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Modelling direct and herd protection effects of vaccination against the SARS-CoV-2 Delta variant in Australia.
McBryde, Emma S; Meehan, Michael T; Caldwell, Jamie M; Adekunle, Adeshina I; Ogunlade, Samson T; Kuddus, Md Abdul; Ragonnet, Romain; Jayasundara, Pavithra; Trauer, James M; Cope, Robert C.
  • McBryde ES; Australian Institute of Tropical Health and Medicine, James Cook University, Townsville, QLD.
  • Meehan MT; Australian Institute of Tropical Health and Medicine, James Cook University, Townsville, QLD.
  • Caldwell JM; Australian Institute of Tropical Health and Medicine, James Cook University, Townsville, QLD.
  • Adekunle AI; University of Hawai'i at Manoa, Honolulu, HI, United States of America.
  • Ogunlade ST; Australian Institute of Tropical Health and Medicine, James Cook University, Townsville, QLD.
  • Kuddus MA; Australian Department of Defence, Melbourne, VIC.
  • Ragonnet R; Australian Institute of Tropical Health and Medicine, James Cook University, Townsville, QLD.
  • Jayasundara P; Australian Institute of Tropical Health and Medicine, James Cook University, Townsville, QLD.
  • Trauer JM; University of Rajshahi, Rajshahi, Bangladesh.
  • Cope RC; Monash University, Melbourne, VIC.
Med J Aust ; 215(9): 427-432, 2021 11 01.
Article in English | MEDLINE | ID: covidwho-1389702
ABSTRACT

OBJECTIVES:

To analyse the outcomes of COVID-19 vaccination by vaccine type, age group eligibility, vaccination strategy, and population coverage.

DESIGN:

Epidemiologic modelling to assess the final size of a COVID-19 epidemic in Australia, with vaccination program (Pfizer, AstraZeneca, mixed), vaccination strategy (vulnerable first, transmitters first, untargeted), age group eligibility threshold (5 or 15 years), population coverage, and pre-vaccination effective reproduction number ( R eff v ¯ ) for the SARS-CoV-2 Delta variant as factors. MAIN OUTCOME

MEASURES:

Numbers of SARS-CoV-2 infections; cumulative hospitalisations, deaths, and years of life lost.

RESULTS:

Assuming R eff v ¯ = 5, the current mixed vaccination program (vaccinating people aged 60 or more with the AstraZeneca vaccine and people under 60 with the Pfizer vaccine) will not achieve herd protection unless population vaccination coverage reaches 85% by lowering the vaccination eligibility age to 5 years. At R eff v ¯ = 3, the mixed program could achieve herd protection at 60-70% population coverage and without vaccinating 5-15-year-old children. At R eff v ¯ = 7, herd protection is unlikely to be achieved with currently available vaccines, but they would still reduce the number of COVID-19-related deaths by 85%.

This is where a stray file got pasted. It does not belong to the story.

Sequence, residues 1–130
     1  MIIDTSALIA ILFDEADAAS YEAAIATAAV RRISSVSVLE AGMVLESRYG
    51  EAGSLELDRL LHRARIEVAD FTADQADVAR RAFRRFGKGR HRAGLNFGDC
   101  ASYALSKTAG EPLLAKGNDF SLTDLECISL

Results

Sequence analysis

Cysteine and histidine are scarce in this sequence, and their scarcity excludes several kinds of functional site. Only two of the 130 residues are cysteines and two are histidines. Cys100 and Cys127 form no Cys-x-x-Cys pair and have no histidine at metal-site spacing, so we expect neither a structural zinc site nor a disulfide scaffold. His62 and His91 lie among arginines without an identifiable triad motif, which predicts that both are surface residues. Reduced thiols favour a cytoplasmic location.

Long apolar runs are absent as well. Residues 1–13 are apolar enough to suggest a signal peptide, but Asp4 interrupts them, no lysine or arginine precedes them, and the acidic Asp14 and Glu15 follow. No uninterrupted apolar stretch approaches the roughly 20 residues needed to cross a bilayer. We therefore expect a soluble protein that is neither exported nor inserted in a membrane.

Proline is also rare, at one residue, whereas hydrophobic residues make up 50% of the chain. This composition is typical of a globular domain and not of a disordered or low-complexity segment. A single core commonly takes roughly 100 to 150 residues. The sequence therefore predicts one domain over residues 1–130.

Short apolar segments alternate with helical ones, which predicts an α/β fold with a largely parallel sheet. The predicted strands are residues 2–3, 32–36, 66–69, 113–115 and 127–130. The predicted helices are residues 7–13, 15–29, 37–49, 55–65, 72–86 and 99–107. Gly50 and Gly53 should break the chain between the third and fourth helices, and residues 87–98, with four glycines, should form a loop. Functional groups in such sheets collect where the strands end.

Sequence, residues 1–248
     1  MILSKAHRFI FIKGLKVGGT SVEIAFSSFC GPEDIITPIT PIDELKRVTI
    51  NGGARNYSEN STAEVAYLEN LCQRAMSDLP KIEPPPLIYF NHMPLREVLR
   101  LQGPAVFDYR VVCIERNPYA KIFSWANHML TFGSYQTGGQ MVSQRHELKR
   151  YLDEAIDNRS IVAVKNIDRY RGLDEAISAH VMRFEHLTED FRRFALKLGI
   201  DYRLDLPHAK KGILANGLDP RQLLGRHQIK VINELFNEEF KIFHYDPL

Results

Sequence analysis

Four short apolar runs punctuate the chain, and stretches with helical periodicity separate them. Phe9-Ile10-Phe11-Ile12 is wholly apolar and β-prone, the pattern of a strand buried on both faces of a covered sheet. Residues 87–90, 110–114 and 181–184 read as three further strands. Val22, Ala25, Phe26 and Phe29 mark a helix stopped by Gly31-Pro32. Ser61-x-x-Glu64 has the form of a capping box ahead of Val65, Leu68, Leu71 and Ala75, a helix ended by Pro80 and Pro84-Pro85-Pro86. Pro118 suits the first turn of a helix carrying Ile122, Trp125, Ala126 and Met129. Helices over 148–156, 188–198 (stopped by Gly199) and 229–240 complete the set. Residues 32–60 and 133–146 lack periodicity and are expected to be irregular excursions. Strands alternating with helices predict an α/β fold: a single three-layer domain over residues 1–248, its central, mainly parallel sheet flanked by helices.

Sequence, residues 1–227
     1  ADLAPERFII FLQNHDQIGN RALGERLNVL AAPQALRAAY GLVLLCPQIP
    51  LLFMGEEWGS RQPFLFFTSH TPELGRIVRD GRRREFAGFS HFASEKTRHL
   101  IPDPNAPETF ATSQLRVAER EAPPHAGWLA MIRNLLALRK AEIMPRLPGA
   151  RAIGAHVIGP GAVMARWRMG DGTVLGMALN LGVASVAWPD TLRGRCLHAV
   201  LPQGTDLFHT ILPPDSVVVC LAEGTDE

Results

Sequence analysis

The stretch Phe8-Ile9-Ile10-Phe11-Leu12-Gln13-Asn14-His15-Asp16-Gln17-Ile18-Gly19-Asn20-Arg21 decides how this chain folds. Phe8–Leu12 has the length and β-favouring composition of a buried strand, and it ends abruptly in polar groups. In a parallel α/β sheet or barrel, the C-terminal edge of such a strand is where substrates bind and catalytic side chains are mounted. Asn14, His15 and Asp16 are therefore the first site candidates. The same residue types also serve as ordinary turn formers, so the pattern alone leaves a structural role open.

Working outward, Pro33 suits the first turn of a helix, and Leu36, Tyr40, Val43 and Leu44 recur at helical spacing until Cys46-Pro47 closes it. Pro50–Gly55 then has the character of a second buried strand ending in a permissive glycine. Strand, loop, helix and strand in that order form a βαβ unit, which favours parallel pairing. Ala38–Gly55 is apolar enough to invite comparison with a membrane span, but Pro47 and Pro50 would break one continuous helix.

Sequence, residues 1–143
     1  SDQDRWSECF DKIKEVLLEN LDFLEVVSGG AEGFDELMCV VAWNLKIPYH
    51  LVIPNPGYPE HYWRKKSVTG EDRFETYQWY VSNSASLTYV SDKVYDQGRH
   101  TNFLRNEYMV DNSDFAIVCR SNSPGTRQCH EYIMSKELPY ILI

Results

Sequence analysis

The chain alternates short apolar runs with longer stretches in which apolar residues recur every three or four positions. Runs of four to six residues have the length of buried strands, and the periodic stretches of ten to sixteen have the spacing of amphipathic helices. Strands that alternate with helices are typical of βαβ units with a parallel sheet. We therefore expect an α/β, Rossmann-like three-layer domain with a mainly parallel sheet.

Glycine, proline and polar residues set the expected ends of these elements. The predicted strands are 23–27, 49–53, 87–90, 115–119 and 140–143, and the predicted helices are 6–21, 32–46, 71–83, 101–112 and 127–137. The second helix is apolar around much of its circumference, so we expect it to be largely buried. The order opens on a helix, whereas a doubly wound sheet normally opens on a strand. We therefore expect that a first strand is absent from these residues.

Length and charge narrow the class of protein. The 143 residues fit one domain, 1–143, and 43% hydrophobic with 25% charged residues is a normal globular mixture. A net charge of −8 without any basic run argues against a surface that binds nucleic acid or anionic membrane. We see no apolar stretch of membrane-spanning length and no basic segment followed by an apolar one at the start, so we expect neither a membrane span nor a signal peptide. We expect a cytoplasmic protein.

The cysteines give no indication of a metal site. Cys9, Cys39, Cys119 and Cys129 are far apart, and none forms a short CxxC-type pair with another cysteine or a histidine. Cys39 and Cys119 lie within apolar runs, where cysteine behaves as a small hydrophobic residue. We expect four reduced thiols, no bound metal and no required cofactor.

CONCLUSION:

Vaccinating vulnerable people first is the optimal policy when population vaccination coverage is low, but vaccinating more socially active people becomes more important as the R eff v ¯ declines and vaccination coverage increases. Assuming the most plausible R eff v ¯ of 5, vaccinating more than 85% of the population, including children, would be needed to achieve herd protection. Even without herd protection, vaccines are highly effective in reducing the number of deaths.
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Keywords

Full text: Available Collection: International databases Database: MEDLINE Main subject: Mass Vaccination / Immunity, Herd / COVID-19 Vaccines / SARS-CoV-2 / COVID-19 Type of study: Prognostic study Topics: Vaccines / Variants Limits: Adolescent / Adult / Child / Child, preschool / Humans / Middle aged / Young adult Country/Region as subject: Oceania Language: English Journal: Med J Aust Year: 2021 Document Type: Article

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Full text: Available Collection: International databases Database: MEDLINE Main subject: Mass Vaccination / Immunity, Herd / COVID-19 Vaccines / SARS-CoV-2 / COVID-19 Type of study: Prognostic study Topics: Vaccines / Variants Limits: Adolescent / Adult / Child / Child, preschool / Humans / Middle aged / Young adult Country/Region as subject: Oceania Language: English Journal: Med J Aust Year: 2021 Document Type: Article